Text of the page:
Sillustani

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Sillustani
Sillustani (1).jpg
The tallest chullpa of Sillustani, about 12m high
Sillustani is located in Peru
Sillustani
Shown within Peru
Location Puno, Puno Region, Peru
Coordinates 15°43′16″S 70°09′30″W / 15.72111°S 70.15833°W / -15.72111; -70.15833Coordinates: 15°43′16″S 70°09′30″W / 15.72111°S 70.15833°W / -15.72111; -70.15833
Type Cemetery
History
Cultures Colla people

Sillustani is a pre-Incan burial ground on the shores of Lake Umayo near Puno in Peru. The tombs, which are built above ground in tower-like structures called chullpas, are the vestiges of the Colla people, Aymara who were conquered by the Inca in the 15th century. The structures housed the remains of complete family groups, although they were probably limited to nobility. Many of the tombs have been dynamited by grave robbers, while others were left unfinished.[1]

Chullpa[edit]

Ancestor worship and kinship were integral parts of Aymara culture, and the huge chullpas or "chupa" at Sillustani were built to house the Aymara elite of the immediate pre-Inca and Inca period. The word was used in the 19th century and comes from the Dictionary of Ludovico Bertonio (1612). Bertonio referred to the basket burials of the semi-nomadic pastoralists as "chulpas" and actually referred to stone towers as "uta Amaya" "houses of the soul". However, the term "chullpa" remains used today for the towers. Many of the chullpas at Sillustani show pre-Inca characteristics that were later redressed with Inca stone blocks. Similar chullpas are found throughout the entire south Central Andes with the above ground burial styles going back at least to mature Tiwanaku (ca AD 500-950).[2] The insides of the tombs were built to hold entire groups of people, most likely extended families of the Aymara elite. Corpses were not intentionally mummified, but in the dry environment created by the closed tomb, they survived for centuries. Most mummy bundles indicate burial in a fetal position. Some of the tombs also have various animal shapes carved into the stone. The only openings to the buildings face east, where it was believed the Sun was reborn by Mother Earth each day.[3]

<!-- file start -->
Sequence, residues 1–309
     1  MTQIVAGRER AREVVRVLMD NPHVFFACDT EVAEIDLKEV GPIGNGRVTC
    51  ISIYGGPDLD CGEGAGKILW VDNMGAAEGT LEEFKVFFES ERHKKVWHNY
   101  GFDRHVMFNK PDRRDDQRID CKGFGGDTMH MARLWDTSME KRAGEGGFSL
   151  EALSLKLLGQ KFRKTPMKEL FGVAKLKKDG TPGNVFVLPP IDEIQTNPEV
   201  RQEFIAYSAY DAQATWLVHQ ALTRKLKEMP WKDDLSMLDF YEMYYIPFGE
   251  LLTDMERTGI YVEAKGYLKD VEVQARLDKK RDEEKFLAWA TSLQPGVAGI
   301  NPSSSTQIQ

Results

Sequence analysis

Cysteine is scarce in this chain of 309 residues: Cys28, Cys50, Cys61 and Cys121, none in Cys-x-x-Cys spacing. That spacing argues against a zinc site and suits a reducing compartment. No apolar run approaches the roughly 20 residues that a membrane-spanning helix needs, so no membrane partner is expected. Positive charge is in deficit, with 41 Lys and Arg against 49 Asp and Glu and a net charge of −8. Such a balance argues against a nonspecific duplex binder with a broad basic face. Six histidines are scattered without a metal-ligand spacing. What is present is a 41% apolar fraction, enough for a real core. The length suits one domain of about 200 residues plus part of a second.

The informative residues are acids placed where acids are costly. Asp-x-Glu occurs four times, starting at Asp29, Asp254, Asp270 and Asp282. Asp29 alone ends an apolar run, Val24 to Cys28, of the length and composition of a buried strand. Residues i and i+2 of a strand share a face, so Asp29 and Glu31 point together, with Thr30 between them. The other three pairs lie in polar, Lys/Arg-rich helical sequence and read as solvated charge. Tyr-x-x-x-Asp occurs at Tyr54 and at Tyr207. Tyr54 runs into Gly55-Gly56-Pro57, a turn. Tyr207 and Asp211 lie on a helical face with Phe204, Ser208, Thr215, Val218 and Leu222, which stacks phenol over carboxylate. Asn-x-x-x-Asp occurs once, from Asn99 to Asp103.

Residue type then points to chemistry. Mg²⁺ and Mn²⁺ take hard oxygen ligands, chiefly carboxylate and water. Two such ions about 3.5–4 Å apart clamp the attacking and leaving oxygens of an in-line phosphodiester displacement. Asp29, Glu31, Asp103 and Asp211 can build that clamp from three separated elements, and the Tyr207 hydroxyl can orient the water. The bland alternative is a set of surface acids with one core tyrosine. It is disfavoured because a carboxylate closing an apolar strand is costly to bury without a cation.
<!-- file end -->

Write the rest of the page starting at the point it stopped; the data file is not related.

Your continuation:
Architecture[edit]

The architecture of the site is often considered more complex than typical Incan architecture. In contrast with the Inca, who used stones of varying shapes, the Colla used even rectangular edges.[4] While chullpas are not unique to Sillustani and are found across the Altiplano, this site is considered the best and most preserved example of them.

Overview

References[edit]

  1. ^ Stanish, Charles. Ancient Titicaca. University of Columbia Press. ISBN 0-520-23245-3. 
  2. ^ "Chullpas". Retrieved 2006-03-19. 
  3. ^ "Sillustani". Retrieved 2006-03-18. 
  4. ^ "Chullpas of Sillustani". Retrieved 2006-03-18. 

External links[edit]